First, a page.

Focal Points Blog

Is Iran President Ahmadinejad Trying to Out-Supreme the Supreme Leader?

Khameini AhmadinejadAt PBS Frontline’s Tehran Bureau, Muhammad Sahimi reports:

“President Mahmoud Ahmadinejad has appointed Ali Akbar Salehi, the head of the Atomic Energy Organization of Iran and one of his 12 vice presidents, as the country’s interim foreign minister, and has fired Manouchehr Mottaki from the position. This happened while Mottaki is in Senegal to convey his boss’s message to the president of that country.”

The unprofessionalism of that aside, as Homy Lafayette, also at Tehran Bureau, writes: “This development may signal a new round of acrimony between Mahmoud Ahmadinejad and the Majles.”

Beyond that, the Associated Press reports that it may be:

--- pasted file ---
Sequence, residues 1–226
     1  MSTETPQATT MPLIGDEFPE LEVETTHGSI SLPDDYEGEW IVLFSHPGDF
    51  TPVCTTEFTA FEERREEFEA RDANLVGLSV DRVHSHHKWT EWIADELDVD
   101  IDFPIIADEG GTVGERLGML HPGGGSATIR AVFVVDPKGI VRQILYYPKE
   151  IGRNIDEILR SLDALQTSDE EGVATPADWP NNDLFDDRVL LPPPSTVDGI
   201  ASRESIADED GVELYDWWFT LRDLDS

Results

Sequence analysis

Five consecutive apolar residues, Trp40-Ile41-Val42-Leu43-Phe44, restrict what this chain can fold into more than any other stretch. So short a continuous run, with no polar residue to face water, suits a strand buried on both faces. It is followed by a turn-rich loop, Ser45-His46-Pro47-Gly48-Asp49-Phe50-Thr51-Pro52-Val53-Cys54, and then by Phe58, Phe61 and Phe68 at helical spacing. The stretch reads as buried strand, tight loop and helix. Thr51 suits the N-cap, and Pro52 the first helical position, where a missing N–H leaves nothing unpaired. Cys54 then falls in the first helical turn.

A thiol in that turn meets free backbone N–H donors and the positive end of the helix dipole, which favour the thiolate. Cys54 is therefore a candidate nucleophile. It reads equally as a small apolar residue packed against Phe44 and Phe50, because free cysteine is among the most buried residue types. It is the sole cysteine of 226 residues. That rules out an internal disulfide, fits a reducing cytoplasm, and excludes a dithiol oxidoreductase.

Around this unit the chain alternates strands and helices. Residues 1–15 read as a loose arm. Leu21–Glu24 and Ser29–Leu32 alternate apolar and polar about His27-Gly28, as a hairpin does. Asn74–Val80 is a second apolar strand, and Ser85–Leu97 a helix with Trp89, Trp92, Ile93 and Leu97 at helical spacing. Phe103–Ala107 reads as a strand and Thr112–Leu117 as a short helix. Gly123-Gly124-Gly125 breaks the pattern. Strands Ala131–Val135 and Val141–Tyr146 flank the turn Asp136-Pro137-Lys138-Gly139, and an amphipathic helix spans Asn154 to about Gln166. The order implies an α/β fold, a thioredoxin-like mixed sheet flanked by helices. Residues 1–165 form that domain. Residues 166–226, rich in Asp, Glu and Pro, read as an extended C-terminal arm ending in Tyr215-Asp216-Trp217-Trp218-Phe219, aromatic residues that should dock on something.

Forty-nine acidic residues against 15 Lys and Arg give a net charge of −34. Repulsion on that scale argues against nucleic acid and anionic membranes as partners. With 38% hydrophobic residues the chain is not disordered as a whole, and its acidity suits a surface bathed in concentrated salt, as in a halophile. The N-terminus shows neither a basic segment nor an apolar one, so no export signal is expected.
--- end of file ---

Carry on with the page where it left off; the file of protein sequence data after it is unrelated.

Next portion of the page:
. . . the latest sign of a rift at the top levels of the Islamic theocracy as the country faces intense pressure from the West over its nuclear program. . . . the fired diplomat, Manouchehr Mottaki, is seen as close to Supreme Leader Ayatollah Ali Khamenei. And the president may be aiming to install a figure more personally loyal to himself as Tehran resumes critical talks with world powers over the nuclear program.

Sahimi agrees.

The latest move is another indication of mounting tension between Ahmadinejad and Khamenei. Two weeks ago, the Supreme Leader met with a group of experts to discuss an “Islamic-Iranian way” of development — none of Ahmadinejad’s cabinet members were invited.

Back in September we posted about another article by Sahimi titled Ahmadinejad-Khameini Rift Deepens. He wrote of the changes in the Tehran landscape after the elections (emphasis added).